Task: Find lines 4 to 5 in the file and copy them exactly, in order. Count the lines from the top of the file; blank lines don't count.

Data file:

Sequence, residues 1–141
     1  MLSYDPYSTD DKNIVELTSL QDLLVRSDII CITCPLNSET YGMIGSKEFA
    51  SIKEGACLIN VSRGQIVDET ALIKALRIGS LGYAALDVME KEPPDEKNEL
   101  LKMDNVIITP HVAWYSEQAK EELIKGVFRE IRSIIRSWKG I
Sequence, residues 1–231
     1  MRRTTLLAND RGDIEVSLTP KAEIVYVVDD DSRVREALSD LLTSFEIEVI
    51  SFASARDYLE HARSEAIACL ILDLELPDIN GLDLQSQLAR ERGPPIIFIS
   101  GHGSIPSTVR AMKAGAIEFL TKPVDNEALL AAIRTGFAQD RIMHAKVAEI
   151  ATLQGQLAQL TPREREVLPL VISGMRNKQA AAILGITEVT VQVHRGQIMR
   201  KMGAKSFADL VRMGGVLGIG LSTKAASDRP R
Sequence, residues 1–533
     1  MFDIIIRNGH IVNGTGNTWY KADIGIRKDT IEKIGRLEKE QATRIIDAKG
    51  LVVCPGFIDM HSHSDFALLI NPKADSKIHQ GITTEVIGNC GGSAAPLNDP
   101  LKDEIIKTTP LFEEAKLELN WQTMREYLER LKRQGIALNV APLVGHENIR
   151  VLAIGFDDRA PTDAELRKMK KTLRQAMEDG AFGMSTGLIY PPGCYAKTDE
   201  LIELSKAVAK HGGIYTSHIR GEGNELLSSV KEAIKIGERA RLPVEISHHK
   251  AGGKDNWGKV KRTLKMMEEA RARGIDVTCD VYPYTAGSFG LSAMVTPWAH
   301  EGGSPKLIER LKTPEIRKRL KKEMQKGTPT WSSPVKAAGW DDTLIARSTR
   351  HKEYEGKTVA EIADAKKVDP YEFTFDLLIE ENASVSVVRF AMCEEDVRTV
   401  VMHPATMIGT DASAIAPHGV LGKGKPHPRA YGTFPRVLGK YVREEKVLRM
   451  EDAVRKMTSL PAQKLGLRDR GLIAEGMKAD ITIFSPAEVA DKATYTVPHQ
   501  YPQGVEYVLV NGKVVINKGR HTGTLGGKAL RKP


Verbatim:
   101  LKMDNVIITP HVAWYSEQAK EELIKGVFRE IRSIIRSWKG I
Sequence, residues 1–231